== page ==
“Brutally sad that he’s no longer the coach.”

By Peter Vice   @ViceytheSS

peaking on Kicker Magazine’s “Was geht Bundesliga?” Podcast, former VfB Stuttgart and German national team keeper Timo Hildebrand spoke on the recent head-coaching change at his youth academy club. 

Timo Hildebrand. Stefan Baudy CC-BY-SA 2.0

Just like every other VfB Stuttgart fan, Timo Hildebrand will never forget the scenes at the Mercedes Benz Arena on last season’s final matchday. the backstop who helped Stuttgart to the 2006/07 Bundesliga title, like everyone else in the stadium and on the pitch, was absolutely ecstatic that his beloved club had managed to avoid relegation on the final matchday.
“I was hoping things would be a little quieter this season,” the former German national team goalkeeper lamented on Kicker Magazine’s “Was geht Bundesliga?” Podcast, “Locals, fans, staff, and probably many of the players are brutally sad that he [recently sacked trainer Pellegrino Matarazzo] is no longer the coach.”

“He’s a super guy,” Hildebrand noted, “A real dark ‘red-striper’ [one committed to the famous red-striped kits of the team], but, in the end, one has to show success as a football trainer. The statistics spoke against him. It’s a pity, but the trend was downwards.”

Hildebrand was asked about the rumors linking former Eintracht Frankfurt and Borussia Mönchengladbach head-coach Adi Hütter with the job. The 43-year-old noted that he felt that someone like Hütter, or perhaps former TSG 1899 Hoffenheim trainer Sebastian Hoeneß, would bring excellent “top flight experience” to the position.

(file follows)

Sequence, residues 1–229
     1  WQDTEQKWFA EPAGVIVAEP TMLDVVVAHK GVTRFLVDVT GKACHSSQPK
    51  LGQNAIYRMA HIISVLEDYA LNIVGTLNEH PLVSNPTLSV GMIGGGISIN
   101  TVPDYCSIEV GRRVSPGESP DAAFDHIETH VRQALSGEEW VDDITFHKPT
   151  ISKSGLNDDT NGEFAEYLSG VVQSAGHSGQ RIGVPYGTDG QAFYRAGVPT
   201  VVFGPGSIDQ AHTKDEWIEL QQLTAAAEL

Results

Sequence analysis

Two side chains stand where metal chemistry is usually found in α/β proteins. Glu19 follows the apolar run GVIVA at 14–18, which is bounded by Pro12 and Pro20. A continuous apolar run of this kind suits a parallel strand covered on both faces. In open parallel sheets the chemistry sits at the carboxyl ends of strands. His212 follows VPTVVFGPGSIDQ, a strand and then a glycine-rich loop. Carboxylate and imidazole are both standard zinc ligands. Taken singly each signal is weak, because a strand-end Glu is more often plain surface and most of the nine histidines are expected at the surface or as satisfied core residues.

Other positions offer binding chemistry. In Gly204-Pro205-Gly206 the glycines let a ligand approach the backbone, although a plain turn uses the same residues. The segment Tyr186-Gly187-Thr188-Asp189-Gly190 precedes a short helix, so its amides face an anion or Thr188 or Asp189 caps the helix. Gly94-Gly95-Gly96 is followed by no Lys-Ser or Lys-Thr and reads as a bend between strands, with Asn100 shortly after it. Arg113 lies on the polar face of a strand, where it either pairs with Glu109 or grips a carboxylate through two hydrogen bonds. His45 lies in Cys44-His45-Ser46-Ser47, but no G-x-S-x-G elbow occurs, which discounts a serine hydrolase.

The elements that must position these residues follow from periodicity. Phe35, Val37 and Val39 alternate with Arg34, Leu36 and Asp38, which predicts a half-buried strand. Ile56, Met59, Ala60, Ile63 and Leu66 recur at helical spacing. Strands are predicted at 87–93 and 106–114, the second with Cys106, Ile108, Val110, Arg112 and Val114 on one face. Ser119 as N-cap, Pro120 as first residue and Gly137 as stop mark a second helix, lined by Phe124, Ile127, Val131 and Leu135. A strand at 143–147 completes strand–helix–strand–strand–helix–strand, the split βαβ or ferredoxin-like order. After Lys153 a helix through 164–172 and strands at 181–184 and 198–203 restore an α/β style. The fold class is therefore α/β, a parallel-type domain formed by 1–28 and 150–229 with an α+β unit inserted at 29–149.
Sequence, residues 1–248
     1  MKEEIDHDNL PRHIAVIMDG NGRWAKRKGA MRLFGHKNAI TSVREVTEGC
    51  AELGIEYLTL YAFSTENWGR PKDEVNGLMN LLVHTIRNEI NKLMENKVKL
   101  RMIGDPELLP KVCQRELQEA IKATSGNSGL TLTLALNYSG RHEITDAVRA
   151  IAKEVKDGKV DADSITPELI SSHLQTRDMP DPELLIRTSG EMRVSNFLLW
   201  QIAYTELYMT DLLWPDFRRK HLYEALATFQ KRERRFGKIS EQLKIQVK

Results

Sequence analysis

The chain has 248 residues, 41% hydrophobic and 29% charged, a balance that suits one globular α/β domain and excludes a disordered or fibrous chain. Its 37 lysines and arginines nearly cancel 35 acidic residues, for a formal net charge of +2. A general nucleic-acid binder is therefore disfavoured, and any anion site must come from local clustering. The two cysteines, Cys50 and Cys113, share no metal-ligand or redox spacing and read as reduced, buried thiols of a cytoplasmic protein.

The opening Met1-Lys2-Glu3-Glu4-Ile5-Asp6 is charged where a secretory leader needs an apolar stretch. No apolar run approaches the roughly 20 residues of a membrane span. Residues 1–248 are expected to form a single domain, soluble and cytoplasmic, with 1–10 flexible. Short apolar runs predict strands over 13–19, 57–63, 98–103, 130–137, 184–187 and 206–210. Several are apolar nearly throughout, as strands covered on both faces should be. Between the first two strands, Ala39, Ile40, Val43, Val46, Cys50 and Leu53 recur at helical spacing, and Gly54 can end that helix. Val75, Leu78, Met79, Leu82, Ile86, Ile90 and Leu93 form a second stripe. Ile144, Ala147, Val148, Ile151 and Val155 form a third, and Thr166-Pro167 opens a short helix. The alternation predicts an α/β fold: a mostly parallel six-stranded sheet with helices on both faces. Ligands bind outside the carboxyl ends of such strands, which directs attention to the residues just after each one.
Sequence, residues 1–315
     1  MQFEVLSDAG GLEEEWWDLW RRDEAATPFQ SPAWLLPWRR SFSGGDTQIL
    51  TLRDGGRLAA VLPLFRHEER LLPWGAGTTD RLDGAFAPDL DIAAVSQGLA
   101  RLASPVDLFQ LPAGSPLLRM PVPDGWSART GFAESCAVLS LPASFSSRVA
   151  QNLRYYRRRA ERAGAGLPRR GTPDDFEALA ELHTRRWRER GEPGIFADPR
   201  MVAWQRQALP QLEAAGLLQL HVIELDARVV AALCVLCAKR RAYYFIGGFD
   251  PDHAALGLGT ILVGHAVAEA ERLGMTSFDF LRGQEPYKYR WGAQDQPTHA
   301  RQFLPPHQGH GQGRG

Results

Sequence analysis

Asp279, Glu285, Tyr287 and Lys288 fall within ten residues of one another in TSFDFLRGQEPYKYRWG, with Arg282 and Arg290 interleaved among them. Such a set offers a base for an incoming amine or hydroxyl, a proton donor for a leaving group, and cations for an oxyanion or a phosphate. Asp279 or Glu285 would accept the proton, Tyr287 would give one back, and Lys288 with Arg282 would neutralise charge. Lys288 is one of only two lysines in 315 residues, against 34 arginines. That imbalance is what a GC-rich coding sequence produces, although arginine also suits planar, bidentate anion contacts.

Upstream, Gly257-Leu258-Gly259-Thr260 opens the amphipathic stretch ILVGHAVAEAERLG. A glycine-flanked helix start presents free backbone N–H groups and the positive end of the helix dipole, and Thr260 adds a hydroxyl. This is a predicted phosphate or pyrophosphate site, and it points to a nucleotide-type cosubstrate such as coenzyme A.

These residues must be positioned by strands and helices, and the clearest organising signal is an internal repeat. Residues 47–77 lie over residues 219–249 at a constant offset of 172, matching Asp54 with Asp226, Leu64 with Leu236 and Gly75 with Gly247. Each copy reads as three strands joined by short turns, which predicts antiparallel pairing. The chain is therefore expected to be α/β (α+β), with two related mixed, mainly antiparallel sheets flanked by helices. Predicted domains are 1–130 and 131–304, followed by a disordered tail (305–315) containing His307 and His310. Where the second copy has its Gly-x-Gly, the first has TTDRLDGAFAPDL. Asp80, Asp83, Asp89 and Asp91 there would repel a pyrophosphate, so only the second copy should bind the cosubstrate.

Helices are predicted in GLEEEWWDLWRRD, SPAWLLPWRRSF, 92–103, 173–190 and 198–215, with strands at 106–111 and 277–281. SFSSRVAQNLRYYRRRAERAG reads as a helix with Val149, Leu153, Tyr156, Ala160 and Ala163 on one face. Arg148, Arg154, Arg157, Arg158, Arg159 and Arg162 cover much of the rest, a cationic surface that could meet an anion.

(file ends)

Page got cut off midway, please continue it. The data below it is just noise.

Hildebrand seemed to think that current club sporting director Sven Mislintat should remain in charge.

“He [Mislintat] haddone a super job in recent years,” Hildebrand emphasized, “There is enough potential in the squad. There just needs to be a new approach with a new coach who can awaken the potential in the attack. They play attractive football.”

When it came to some of sporting CEO Alexander Wehrle’s recent moves to bring in former players as administrators and brand ambassadors, Hildebrand (a former brand ambassador himself) admitted that it might mean that further shake ups in the front office are coming.

“I think the club is heading in the right direction,” he said, “[As for change], I’m curious enough what’s in store. In any event, I’m not averse to it.”

More about Stuttgart

Predicted Bundesliga lineups: Matchday 10
Report: Zsolt Löw will not be named new Stuttgart coach, Hoeness has “good chances”
Americans in the Bundesliga: Scally back on top level in week nine, Matarazzo’s final tactics assessed
Several candidates named as possible replacements for Matarazzo at Stuttgart
Official: Stuttgart fire Matarazzo after disappointing start
Stuttgart brass still debating over Matarazzo’s future

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